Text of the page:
For teacher Rebecca Kenny, the pandemic has been similarly challenging in terms of balancing work, screens, and motherhood. Kenny teaches online through the week while also parenting her 2-year-old son. Her husband is a mental health nurse who often works night shifts, meaning she is “working and parenting for a large portion of the week.”

“I struggle daily with the guilt of not spending time doing more creative and enriching activities with my son, especially as I feel I dedicate my time more to other people’s kids than my own,” she says. “I try to make up for it by scheduling one unplugged activity a day—even if it’s just a shopping trip (he loves riding in the trolley!). We usually paint, or make a cake, or watch a movie together. We also read before bedtime every night, and having that one-to-one time is invaluable when it comes to keeping the guilt at bay. We cuddle a lot, too. We are a very tactile family so I try to keep his need for contact in mind, and hug him often.”

Perhaps part of combatting the guilt also lies with reminding ourselves that the internet isn’t an inherently bad thing — and subsequently, that it isn’t an inherently bad thing we are inflicting on our offspring. The addictive nature of certain aspects of it are certainly worth considering, of course, but we aren’t always on our phones for entirely superfluous reasons. Even outside of our jobs, there are some really good things we get from our screens when we are mindful of how we use them.

“I think there is often judgement about what people do on their phones, and it’s often misplaced,” Kenny tells Motherly. “For example, I’m a reader. I read a lot…When I’m on my phone, I’m often reading articles, or researching ideas—I’m not always on social media. I also maintain conversation with colleagues, friends, and family via my phone, as it’s easier than carting my laptop about the house. I think we need to remember that right now, a phone isn’t just a phone—it can be a lifeline. We mustn’t fall prey to the idea that anyone who is immersed in their phone is a bad person who doesn’t pay attention to the world around them. Perhaps they just need a break from the monotony of watching Peppa Pig or navigating a Zoom lesson.”

Avoiding “super mom” feeds is also imperative, Kenny adds. “They are guilt factories! Watching another mom’s highlight reel wasn’t doing my mental health any favors. Instead, I follow more accounts that do not focus on parenting at all, but social justice, politics, art, and literature, with a view to developing conversation with my boy on the topics I come across. By separating my tech from my parenting, I find that I am able to focus more on my own development as a person rather than my perceived failures as a parent.”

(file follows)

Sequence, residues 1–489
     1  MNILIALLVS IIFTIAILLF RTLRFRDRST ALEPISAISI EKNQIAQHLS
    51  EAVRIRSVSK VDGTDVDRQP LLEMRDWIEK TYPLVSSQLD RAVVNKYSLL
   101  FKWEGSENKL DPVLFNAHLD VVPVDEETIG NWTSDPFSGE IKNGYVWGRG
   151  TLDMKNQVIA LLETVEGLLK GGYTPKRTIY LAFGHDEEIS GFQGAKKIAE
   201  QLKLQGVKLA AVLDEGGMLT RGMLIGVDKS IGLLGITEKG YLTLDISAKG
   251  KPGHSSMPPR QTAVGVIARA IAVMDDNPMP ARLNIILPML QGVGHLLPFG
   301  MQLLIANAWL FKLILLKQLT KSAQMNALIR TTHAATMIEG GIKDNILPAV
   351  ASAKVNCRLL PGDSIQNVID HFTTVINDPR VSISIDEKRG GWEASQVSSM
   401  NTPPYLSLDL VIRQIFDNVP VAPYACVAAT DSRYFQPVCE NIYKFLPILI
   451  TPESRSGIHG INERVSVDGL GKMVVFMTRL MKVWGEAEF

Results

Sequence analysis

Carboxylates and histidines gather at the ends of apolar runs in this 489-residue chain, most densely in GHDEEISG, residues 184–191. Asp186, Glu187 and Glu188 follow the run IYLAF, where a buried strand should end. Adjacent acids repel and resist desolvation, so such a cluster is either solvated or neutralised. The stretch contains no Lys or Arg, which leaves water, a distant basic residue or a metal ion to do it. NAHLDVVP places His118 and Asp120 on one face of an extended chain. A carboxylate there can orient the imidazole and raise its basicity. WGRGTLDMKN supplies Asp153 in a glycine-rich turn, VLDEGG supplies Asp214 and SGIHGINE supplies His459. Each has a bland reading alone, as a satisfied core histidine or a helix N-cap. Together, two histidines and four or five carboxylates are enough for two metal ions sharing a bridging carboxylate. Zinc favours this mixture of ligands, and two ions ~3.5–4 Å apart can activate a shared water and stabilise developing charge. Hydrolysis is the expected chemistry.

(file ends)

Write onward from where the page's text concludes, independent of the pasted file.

When possible (and, understandably, it isn’t always), Jeffery also suggests trying to set some boundaries between work and parenting. “I realized quite early on that working and looking after my daughter don’t mix—so when I’m with her, I’m 100 percent with her,” she says. “Trying to answer emails with her on my lap has never worked. This often means working just at naptime and into the evening, so I don’t really ever have a break. Since the last lockdown began, my husband and I actually made a schedule for who works when and who is on ‘kid duty,’ and that has helped enormously.”

Every family is different, of course. Everyone’s lockdown situation is unique. Some parents are doing it all completely on their own; some have partners or “childcare bubbles.” Still, it’s obvious that, regardless of circumstances, a lot of us have spent a lot of time berating ourselves for “not doing better by our kids” because of the time we spend on screens. Or, in my case, the amount of times my eldest has now asked me to please put my phone away.

It is undoubtedly really, really hard to explain our relationships with our phones to a young child; to explain that we need to work, or take mental health breaks from Paw Patrol, or talk to people with a more extensive vocabulary, or stay up-to-date with the news, or read something that doesn’t rhyme.

What we can do is explain it to ourselves, though. We can keep explaining it—reminding our own guilt-ridden consciousnesses that things are never as simple as “a good parent unplugs and a bad parent doesn’t,” especially in times as uncharted and difficult as these.